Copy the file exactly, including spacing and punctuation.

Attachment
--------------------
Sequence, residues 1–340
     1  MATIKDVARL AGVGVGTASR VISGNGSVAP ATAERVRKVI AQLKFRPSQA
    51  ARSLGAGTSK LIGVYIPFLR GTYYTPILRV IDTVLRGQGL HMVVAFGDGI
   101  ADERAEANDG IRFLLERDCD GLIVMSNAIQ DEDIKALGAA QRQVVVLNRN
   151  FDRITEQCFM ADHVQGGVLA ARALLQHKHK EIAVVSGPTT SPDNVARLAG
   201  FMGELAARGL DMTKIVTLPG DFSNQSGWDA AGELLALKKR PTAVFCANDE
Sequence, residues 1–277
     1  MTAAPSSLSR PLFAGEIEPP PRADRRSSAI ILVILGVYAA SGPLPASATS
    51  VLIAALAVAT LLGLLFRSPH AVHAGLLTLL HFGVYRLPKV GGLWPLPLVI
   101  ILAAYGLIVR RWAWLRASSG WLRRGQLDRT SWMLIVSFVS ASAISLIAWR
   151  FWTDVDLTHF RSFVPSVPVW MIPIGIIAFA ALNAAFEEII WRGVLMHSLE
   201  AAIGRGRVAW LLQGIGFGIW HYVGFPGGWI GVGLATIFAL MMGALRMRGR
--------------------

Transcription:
Sequence, residues 1–340
     1  MATIKDVARL AGVGVGTASR VISGNGSVAP ATAERVRKVI AQLKFRPSQA
    51  ARSLGAGTSK LIGVYIPFLR GTYYTPILRV IDTVLRGQGL HMVVAFGDGI
   101  ADERAEANDG IRFLLERDCD GLIVMSNAIQ DEDIKALGAA QRQVVVLNRN
   151  FDRITEQCFM ADHVQGGVLA ARALLQHKHK EIAVVSGPTT SPDNVARLAG
   201  FMGELAARGL DMTKIVTLPG DFSNQSGWDA AGELLALKKR PTAVFCANDE
Sequence, residues 1–277
     1  MTAAPSSLSR PLFAGEIEPP PRADRRSSAI ILVILGVYAA SGPLPASATS
    51  VLIAALAVAT LLGLLFRSPH AVHAGLLTLL HFGVYRLPKV GGLWPLPLVI
   101  ILAAYGLIVR RWAWLRASSG WLRRGQLDRT SWMLIVSFVS ASAISLIAWR
   151  FWTDVDLTHF RSFVPSVPVW MIPIGIIAFA ALNAAFEEII WRGVLMHSLE
   201  AAIGRGRVAW LLQGIGFGIW HYVGFPGGWI GVGLATIFAL MMGALRMRGR